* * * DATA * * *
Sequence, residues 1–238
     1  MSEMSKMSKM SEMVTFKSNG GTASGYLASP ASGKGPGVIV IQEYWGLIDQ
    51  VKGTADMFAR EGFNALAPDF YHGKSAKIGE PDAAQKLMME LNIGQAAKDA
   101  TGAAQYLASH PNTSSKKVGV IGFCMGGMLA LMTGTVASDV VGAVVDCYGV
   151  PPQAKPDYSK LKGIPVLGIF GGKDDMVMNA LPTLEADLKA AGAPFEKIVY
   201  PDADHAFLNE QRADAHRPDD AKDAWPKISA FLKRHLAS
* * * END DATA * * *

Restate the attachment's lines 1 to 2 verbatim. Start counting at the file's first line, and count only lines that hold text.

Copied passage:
Sequence, residues 1–238
     1  MSEMSKMSKM SEMVTFKSNG GTASGYLASP ASGKGPGVIV IQEYWGLIDQ